02/06/2018 11:24:40 AM PST · by rktman · 19 replies
    dailycaller.com ^ | 2/6/2018 | Michael Bastasch
    A new Columbia Business School study is out with the latest bizarre claim about man-made global warming — it could alter people’s personalities. “As climate change continues across the world, we may also observe concomitant changes in human personality,” reads the study, published in the journal Nature on Tuesday. It’s only the latest in a slew of studies on the potential psychological effects of future warming, and it’s not even the most bizarre. For example, recent studies have claimed worry about global warming is making people depressed. Those worried about man-made warming reported “feelings of loneliness and lethargy,” Reuters reported...
  • The Connection Between Retiring Early and Living Longer

    01/30/2018 7:23:01 AM PST · by SeekAndFind · 75 replies
    New York Times ^ | 01/30/2018 | Austin Frakt
    Research shows a link, but it isn’t retirement itself that leads to a longer life, but what you do in retirement. You may not need another reason to retire early, but I’ll give you one anyway: It could lengthen your life. That’s the thrust from various research in recent years, and also from a 2017 study in the journal Health Economics. In that study, Hans Bloemen, Stefan Hochguertel and Jochem Zweerink — all economists from the Netherlands — looked at what happened when, in 2005, some Dutch civil servants could temporarily qualify for early retirement. Only those at least 55...
  • STUDY: Concern over climate change linked to depression, anxiety – ‘Restless nights, feelings of.

    01/20/2018 6:42:08 PM PST · by Sub-Driver · 45 replies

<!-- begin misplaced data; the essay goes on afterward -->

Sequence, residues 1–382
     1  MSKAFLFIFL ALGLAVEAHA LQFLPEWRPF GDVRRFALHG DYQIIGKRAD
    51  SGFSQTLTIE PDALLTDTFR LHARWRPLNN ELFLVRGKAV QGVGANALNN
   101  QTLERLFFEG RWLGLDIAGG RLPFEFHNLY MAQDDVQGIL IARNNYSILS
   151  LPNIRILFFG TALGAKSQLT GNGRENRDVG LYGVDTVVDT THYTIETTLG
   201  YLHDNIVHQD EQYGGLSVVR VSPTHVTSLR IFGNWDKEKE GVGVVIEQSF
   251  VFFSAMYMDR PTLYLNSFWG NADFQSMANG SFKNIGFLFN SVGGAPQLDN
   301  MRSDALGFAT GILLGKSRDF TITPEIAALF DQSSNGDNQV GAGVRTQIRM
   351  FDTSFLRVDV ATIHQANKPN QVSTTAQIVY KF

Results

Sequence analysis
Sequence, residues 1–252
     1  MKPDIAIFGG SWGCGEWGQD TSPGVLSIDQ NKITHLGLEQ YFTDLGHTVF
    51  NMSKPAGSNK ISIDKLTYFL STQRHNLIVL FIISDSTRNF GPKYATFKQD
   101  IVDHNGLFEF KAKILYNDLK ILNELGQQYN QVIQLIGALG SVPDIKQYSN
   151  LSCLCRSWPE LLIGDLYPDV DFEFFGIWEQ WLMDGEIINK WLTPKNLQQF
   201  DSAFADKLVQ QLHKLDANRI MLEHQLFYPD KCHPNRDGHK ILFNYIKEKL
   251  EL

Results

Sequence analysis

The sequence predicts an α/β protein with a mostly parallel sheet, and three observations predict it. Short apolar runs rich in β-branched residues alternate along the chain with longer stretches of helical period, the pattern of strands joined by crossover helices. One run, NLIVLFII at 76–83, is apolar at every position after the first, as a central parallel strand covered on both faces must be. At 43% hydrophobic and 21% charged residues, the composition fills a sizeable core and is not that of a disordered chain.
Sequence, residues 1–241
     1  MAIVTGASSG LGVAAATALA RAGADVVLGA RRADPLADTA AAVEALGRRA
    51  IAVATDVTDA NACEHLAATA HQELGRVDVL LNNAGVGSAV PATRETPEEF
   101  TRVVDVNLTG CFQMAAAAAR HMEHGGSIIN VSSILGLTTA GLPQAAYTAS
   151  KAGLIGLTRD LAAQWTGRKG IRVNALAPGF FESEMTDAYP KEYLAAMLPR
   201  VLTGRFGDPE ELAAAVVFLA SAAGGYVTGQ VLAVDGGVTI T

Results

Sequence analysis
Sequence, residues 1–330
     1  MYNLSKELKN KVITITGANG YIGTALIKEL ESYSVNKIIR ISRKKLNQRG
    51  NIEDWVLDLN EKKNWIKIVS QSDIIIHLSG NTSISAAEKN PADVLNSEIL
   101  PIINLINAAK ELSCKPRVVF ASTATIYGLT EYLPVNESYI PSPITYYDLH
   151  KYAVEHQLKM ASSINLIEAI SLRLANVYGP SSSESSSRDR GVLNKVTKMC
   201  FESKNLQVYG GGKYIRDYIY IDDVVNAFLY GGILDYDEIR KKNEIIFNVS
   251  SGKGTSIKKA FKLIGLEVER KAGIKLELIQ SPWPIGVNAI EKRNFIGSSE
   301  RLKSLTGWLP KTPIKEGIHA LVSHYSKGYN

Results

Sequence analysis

STUDY: Concern over climate change linked to depression, anxiety – ‘Restless nights, feelings of loneliness and lethargy’ By: Marc Morano - Climate DepotJanuary 20, 2018 1:55 PM with 0 comments Depression and anxiety are afflicting Americans who are concerned at the fate of the environment, according to a study of the mental health effects of climate change. Those hit hardest are women and people with low incomes who worry about the planet’s long-term health, said the study published this week in the journal Global Environmental Change. Symptoms include restless nights, feelings of loneliness and lethargy. “Climate change is a persistent...
  • Cannabis users are more likely to feel deceived and alienated by others, study finds

    01/18/2018 5:29:09 PM PST · by familyop · 54 replies
    Daily Mail ^ | 17JAN18 | ALEXANDRA THOMPSON
    Cannabis users are more likely to experience negative emotions, particularly feeling alienated from others, new research reveals. People who use marijuana are significantly more likely to feel that others wish them harm or are deceiving them, a US study found. Brain scans also reveal the class-B drug increases signal connectivity in regions of the brain that have previously been linked to psychosis, the research adds, which is associated with severe depression.